Saving What Remains


 

Views on Conservation: Western vs. Indigenous
Western View Indigenous View
Natural resources are real property and private ownership is possible No such thing as ownership; people are stewards of the land, thus land is usually not owned, traded, or sold
Parks are only for nature People are part of nature and therefore can be included in parks

Conservation is difficult, if not impossible without reconciling the different philosophies on conservation between the West and Indigenous communities. "Eco-colonialism," or the imposition of Western conservation views on conservation projects involving indigenous people are doomed to failure and can be destructive of indigenous culture.

In 1996, a meeting of representatives from 229 indigenous groups in the Amazon produced a document that affirmed their sovereignty in environmental matters. To the Community of Concerned Environmentalists stated that indigenous Amazonians "have not delegated to any outside NGO the right to speak on their behalf: they wish to speak to the Western world directly and forthrightly."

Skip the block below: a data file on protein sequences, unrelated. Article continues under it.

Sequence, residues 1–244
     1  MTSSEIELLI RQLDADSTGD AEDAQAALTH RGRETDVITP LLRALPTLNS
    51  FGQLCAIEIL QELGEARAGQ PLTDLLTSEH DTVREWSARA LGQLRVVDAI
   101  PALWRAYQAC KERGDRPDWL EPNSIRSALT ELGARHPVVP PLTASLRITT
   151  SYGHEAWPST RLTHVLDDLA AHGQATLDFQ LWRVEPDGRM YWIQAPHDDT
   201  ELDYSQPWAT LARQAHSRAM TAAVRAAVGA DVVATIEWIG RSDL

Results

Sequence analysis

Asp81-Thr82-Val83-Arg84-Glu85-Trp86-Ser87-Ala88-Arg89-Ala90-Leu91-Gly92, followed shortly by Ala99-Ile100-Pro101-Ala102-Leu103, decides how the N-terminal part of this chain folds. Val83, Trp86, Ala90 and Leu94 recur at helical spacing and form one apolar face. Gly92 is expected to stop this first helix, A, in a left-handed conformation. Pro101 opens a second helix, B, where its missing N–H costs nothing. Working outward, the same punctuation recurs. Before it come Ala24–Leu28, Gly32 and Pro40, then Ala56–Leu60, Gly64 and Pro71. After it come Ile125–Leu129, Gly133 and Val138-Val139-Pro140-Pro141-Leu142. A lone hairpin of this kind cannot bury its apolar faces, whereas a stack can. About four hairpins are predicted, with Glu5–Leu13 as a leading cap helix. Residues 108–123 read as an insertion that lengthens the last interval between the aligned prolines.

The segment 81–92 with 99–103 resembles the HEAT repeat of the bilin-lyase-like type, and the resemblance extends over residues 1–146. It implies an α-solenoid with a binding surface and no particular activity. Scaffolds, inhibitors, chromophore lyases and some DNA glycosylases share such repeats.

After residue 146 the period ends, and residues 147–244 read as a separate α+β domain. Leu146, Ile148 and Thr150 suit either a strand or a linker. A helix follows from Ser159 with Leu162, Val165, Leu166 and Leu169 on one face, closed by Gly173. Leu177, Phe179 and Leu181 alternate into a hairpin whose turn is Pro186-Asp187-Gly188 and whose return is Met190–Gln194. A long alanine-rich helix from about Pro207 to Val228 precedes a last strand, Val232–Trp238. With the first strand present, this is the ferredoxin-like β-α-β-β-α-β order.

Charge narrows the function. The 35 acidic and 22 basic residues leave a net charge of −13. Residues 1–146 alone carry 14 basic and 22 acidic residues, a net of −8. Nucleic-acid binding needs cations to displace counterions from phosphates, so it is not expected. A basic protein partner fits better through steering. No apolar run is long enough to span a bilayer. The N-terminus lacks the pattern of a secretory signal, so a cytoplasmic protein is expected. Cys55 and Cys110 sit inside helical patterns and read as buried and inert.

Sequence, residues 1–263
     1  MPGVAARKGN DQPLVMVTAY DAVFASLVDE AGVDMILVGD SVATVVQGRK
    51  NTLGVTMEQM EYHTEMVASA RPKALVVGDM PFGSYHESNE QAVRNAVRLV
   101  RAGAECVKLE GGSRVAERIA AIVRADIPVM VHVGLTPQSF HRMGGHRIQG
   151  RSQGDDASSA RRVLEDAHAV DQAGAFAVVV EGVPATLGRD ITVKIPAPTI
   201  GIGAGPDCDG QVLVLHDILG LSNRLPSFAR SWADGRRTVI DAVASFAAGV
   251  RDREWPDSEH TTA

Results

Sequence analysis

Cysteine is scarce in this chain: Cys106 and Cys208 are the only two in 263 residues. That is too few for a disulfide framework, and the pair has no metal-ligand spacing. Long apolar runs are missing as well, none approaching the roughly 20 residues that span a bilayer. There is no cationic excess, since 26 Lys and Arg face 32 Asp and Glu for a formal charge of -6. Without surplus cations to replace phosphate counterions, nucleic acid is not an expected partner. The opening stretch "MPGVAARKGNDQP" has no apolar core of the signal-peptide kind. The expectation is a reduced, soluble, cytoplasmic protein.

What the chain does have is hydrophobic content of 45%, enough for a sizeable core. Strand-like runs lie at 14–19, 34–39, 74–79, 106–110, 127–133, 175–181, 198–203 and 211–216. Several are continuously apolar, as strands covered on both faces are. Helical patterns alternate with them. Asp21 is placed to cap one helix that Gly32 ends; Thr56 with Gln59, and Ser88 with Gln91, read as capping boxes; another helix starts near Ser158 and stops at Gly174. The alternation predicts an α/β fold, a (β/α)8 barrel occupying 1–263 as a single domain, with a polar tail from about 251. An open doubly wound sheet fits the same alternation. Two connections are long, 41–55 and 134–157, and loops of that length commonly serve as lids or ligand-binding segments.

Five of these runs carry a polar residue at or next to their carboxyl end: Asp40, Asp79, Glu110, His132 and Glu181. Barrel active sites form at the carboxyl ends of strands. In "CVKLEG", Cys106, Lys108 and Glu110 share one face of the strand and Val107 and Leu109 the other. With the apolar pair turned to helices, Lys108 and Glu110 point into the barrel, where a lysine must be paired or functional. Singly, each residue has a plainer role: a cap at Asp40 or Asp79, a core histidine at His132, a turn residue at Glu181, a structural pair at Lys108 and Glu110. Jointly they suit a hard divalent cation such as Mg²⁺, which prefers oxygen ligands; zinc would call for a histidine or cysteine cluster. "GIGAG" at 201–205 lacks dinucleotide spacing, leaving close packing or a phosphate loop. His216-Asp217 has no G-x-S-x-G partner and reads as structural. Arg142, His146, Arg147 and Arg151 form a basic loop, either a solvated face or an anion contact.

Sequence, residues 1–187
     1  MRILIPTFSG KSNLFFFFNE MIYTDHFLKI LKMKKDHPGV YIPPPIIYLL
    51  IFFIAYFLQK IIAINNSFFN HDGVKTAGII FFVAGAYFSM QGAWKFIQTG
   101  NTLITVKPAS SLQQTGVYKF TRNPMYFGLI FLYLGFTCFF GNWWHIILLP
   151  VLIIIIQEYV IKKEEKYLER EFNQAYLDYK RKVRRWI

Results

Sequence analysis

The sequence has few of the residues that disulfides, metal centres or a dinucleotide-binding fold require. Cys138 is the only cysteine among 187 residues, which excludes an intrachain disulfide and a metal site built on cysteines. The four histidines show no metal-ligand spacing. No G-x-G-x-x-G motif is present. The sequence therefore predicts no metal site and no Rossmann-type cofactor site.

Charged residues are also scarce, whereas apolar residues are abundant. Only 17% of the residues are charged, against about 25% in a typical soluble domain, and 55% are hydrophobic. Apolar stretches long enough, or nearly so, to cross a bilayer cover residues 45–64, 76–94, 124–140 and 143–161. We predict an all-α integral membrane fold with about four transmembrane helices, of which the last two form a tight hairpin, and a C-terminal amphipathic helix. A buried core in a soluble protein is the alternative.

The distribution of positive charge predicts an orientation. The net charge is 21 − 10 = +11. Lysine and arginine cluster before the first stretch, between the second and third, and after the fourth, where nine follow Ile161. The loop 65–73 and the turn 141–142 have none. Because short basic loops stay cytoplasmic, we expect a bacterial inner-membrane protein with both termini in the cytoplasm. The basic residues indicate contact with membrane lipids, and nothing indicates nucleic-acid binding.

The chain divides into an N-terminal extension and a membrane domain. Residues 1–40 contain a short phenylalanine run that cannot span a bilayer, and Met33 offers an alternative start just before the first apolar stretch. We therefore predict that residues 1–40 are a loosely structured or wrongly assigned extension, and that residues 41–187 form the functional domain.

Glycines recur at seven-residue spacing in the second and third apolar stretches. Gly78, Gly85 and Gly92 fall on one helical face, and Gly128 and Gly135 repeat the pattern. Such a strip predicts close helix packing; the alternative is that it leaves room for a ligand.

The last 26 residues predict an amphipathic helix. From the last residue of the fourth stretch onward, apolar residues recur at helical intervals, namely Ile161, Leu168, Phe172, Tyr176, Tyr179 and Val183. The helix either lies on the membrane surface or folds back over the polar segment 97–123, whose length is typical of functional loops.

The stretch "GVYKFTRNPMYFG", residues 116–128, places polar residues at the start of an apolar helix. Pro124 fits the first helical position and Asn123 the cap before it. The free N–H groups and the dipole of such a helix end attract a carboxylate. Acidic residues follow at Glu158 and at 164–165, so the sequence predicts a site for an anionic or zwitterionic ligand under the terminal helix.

Previous

Solutions Introduction
Sustainable Forest Products
Large-scale Forest Products
Medicinal Drugs
Logging
Logging (con't)
Oil
Conservation Priorities
Reserve Size & Valuation
Organization
Intergovernmental Institutions
Communication, Education
Indigenous people
- - - -
References (1)
References (3)
References (5)

Sustainable Dev - Agriculture
Eco-tourism
Foods & Genetic Diversity
Medicinal Drugs & Pesticides
Logging (con't)
Cattle
Increasing Productivity
Types of Reserves
Funding
Developing nations
NGOs
International Organizations
Conclusion
- - - -
References (2)
References (4)
References (6)

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Copyright Rhett Butler 1994-2005